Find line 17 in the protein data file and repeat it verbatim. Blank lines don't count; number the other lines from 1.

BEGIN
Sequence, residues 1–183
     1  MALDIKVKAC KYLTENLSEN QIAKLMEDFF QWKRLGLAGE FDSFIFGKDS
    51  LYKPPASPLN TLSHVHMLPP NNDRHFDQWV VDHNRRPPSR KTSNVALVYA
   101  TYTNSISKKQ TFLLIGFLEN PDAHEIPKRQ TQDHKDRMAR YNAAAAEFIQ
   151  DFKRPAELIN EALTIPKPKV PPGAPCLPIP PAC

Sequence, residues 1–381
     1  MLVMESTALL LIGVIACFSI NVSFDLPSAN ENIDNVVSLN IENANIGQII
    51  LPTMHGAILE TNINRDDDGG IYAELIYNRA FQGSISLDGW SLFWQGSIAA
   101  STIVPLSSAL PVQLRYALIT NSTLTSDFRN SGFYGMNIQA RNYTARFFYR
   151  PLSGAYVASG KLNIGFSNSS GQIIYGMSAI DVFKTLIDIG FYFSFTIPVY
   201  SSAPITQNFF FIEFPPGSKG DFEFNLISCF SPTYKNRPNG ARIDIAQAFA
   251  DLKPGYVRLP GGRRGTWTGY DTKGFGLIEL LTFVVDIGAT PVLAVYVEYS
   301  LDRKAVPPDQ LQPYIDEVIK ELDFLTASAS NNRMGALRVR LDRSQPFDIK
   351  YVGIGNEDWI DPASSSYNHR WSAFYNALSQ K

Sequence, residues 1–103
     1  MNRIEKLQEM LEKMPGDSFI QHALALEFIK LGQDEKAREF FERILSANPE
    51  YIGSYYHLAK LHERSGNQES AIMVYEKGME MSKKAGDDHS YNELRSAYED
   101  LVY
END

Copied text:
    51  YIGSYYHLAK LHERSGNQES AIMVYEKGME MSKKAGDDHS YNELRSAYED